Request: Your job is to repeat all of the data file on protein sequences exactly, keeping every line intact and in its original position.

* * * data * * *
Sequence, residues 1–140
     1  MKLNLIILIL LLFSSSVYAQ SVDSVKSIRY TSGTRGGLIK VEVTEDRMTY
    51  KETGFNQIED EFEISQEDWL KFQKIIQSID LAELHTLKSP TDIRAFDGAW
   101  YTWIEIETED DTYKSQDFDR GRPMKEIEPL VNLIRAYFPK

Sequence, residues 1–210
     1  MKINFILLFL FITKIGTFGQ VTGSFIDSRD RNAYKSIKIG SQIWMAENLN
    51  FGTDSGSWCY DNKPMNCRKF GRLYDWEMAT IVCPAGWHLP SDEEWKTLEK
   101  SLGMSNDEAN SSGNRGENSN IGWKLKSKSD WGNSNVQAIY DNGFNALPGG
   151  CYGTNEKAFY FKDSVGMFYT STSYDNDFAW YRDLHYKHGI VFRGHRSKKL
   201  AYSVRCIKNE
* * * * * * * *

Sequence, residues 1–140
     1  MKLNLIILIL LLFSSSVYAQ SVDSVKSIRY TSGTRGGLIK VEVTEDRMTY
    51  KETGFNQIED EFEISQEDWL KFQKIIQSID LAELHTLKSP TDIRAFDGAW
   101  YTWIEIETED DTYKSQDFDR GRPMKEIEPL VNLIRAYFPK

Sequence, residues 1–210
     1  MKINFILLFL FITKIGTFGQ VTGSFIDSRD RNAYKSIKIG SQIWMAENLN
    51  FGTDSGSWCY DNKPMNCRKF GRLYDWEMAT IVCPAGWHLP SDEEWKTLEK
   101  SLGMSNDEAN SSGNRGENSN IGWKLKSKSD WGNSNVQAIY DNGFNALPGG
   151  CYGTNEKAFY FKDSVGMFYT STSYDNDFAW YRDLHYKHGI VFRGHRSKKL
   201  AYSVRCIKNE